Men are not really from Mars and women are not from Venus. Neurologically, they are remarkably similar, yet life outcomes vary for men and women with comparable abilities. With no biological basis, society rewards certain traits more than others, an issue that needs to be studied, understood and tackled.
What is parity?
The World Economic Forum (WEF) uses four key indicators to assess if women are at par with men in any given society:
- Economic participation and opportunity, including leadership and access to assets
- Educational attainment, which reduces mortality, increases earnings and fosters investment in children
- Health and survival, with a multiplier effect on the family
- Political empowerment, elevating issues with broad societal impact
Of these, economic parity is critically important as it underpins many aspects of life.
Why is economic parity important?
In the words of Kofi Annan, former UN Secretary General, “Gender equality is more than a goal in itself. It is a precondition for meeting the challenge of reducing poverty, promoting sustainable development and building good governance.”
Women make up half of the world population so it is only logical that we would expect key indicators to be equal for both sexes. Gender parity also yields significant economic dividends: studies show that closing 25% of the gender gap in economic participation by 2025 could add US$5.3 trillion to the world economy. Besides, empowering women allows society to make full use of one of the most under-utilized business resources
Why are we talking about it now?
Even today, despite all the progress with political rights, economic imperatives and generational changes in attitude, women earn less than men in almost all countries, in all sectors.
The overall global gender gap is closing across the world, but it will still take a century to attain full parity. Political parity is also one century away. The economic gender gap, sadly, has widened since last year and is not expected to close for another 217 years - key indicators have regressed to where they were in 2008.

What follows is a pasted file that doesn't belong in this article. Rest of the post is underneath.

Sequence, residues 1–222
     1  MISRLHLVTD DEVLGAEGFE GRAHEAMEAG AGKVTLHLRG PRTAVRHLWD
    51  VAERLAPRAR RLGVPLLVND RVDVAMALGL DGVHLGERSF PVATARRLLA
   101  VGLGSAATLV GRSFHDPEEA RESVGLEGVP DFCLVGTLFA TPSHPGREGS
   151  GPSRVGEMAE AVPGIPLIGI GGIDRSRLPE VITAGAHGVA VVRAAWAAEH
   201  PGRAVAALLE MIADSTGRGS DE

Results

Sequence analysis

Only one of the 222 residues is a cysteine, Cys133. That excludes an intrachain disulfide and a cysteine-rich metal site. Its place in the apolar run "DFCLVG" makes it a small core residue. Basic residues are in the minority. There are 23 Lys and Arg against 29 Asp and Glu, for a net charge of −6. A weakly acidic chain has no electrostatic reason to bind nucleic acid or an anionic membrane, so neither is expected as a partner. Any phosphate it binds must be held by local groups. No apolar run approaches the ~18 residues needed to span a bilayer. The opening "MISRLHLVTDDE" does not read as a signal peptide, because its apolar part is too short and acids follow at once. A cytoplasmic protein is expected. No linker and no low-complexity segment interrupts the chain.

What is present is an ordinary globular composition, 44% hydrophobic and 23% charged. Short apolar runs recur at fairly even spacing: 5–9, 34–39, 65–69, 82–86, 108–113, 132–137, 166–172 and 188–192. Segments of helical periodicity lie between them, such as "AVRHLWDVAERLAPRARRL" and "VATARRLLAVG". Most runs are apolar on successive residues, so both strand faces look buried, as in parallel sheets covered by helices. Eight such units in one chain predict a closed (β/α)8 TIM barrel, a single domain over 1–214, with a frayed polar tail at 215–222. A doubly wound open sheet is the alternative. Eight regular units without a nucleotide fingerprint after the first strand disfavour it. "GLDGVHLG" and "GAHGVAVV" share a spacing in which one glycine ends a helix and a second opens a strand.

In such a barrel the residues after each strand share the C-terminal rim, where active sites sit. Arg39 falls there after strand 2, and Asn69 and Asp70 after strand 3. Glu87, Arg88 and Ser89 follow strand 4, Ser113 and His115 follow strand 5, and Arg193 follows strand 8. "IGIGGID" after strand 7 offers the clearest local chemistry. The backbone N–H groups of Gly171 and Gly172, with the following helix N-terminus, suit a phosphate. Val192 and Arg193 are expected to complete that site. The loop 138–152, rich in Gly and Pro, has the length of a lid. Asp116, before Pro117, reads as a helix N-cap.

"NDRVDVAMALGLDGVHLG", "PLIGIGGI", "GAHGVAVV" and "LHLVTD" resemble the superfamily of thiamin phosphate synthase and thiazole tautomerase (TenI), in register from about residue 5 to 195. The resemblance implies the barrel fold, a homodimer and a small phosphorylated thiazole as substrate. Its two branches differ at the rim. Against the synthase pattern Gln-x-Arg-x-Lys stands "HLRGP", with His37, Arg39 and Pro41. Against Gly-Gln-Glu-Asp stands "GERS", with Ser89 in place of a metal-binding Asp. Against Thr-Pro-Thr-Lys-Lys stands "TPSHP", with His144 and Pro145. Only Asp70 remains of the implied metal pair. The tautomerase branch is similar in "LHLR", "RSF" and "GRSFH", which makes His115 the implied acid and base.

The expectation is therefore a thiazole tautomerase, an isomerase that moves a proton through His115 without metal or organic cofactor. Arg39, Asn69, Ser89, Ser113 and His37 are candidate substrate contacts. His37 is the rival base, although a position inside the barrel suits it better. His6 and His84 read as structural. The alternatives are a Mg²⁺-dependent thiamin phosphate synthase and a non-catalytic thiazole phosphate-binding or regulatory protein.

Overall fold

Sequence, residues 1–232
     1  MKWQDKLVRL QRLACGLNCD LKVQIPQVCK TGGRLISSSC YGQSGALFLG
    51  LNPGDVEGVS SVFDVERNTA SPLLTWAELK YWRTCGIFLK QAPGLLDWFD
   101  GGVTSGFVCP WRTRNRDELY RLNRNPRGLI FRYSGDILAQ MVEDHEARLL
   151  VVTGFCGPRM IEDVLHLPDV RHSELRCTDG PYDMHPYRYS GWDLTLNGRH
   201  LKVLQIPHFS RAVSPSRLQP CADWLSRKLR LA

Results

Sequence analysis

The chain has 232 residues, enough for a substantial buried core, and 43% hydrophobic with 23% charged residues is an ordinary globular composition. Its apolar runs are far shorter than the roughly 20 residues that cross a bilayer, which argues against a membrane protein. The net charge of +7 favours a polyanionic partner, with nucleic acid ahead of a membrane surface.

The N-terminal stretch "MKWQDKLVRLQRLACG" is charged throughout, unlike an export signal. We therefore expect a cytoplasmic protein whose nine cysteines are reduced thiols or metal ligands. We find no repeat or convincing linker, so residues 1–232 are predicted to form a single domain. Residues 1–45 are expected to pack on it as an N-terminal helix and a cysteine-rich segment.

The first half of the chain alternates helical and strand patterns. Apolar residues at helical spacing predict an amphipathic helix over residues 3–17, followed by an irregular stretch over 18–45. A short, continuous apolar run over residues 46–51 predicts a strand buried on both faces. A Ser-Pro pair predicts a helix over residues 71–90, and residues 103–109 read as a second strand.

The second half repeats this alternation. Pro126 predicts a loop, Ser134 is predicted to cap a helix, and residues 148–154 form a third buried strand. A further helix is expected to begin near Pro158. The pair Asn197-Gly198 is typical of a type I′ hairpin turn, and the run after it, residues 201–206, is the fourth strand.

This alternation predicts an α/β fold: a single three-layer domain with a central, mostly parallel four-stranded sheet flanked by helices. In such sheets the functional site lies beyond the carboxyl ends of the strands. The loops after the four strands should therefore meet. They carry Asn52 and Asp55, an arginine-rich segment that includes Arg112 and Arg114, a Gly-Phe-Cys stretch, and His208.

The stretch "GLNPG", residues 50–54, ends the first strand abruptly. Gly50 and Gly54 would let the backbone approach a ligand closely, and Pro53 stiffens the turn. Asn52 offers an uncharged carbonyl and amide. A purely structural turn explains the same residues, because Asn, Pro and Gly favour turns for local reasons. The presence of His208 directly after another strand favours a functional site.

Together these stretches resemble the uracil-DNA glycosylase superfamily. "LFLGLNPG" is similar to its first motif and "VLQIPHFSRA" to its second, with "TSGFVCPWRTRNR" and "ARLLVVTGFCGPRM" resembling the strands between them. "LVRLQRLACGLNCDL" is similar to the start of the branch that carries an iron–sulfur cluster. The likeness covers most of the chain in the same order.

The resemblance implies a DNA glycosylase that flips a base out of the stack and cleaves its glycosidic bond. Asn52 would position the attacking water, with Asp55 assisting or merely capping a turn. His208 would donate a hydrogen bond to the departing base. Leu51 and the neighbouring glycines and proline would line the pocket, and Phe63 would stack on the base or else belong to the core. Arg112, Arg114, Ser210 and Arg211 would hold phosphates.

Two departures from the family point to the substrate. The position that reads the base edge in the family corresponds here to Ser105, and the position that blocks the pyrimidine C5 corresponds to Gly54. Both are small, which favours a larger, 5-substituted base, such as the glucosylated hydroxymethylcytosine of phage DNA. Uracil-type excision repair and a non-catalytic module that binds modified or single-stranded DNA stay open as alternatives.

Why the disparity?
One key metric that is consistently revealed across surveys is leadership. Only 22% senior managers are women, impacting the ability of that demographic to set the agenda, define priorities and deliver progress.
Another major differentiator is in the field of study and the occupational gender gap. Women are over-represented in caregiving, unpaid work, education, health and welfare, typically tied to low wages. They are vastly under-represented in the STEM areas, Engineering, Technology and Manufacturing / Construction, which tend to command high salaries.
Workplace culture is a limiting factor too. Only 20% of women aged 30+ hold ICT-related degrees and stay in STEM. Socio-cultural factors, limited access to technology and unconscious bias discourage women from thriving in these highly rewarding sectors.
What are the solutions?
Leadership: Boosting female leadership makes economic sense, results in more inclusive outputs and has a cascading effect. Companies with top quartile representation of women in executive committees can show up to 47% more return on equity than those with no women at the top. Increased gender diversity in leadership results in better population representation, increased focus on corporate sustainability and more women being hired.
Education: Encouraging more gender balance in fields of study would even out sectors, create more inclusive cultures across the board and allow women to benefit from high-paying career choices. Task forces in Chile, Argentina and Panama have had success in building public-private forums to bring more women into the economy, catalyse new collaboration and promote action at a national level.
Individual accountability: Achieving gender parity is not the responsibility of politicians, or business leaders, or educationists alone. It requires societal buy-in to make it happen. Former UN Secretary General Ban Ki-Moon phrased it thus: “Achieving gender equality requires the engagement of women and men, girls and boys. It is everyone's responsibility."
Tapping fully into the economic potential of women makes sense in every way. Together, we can reduce the horizon for economic parity and empower generations of women to reach their full potential. Let’s start today – we have no time to lose.
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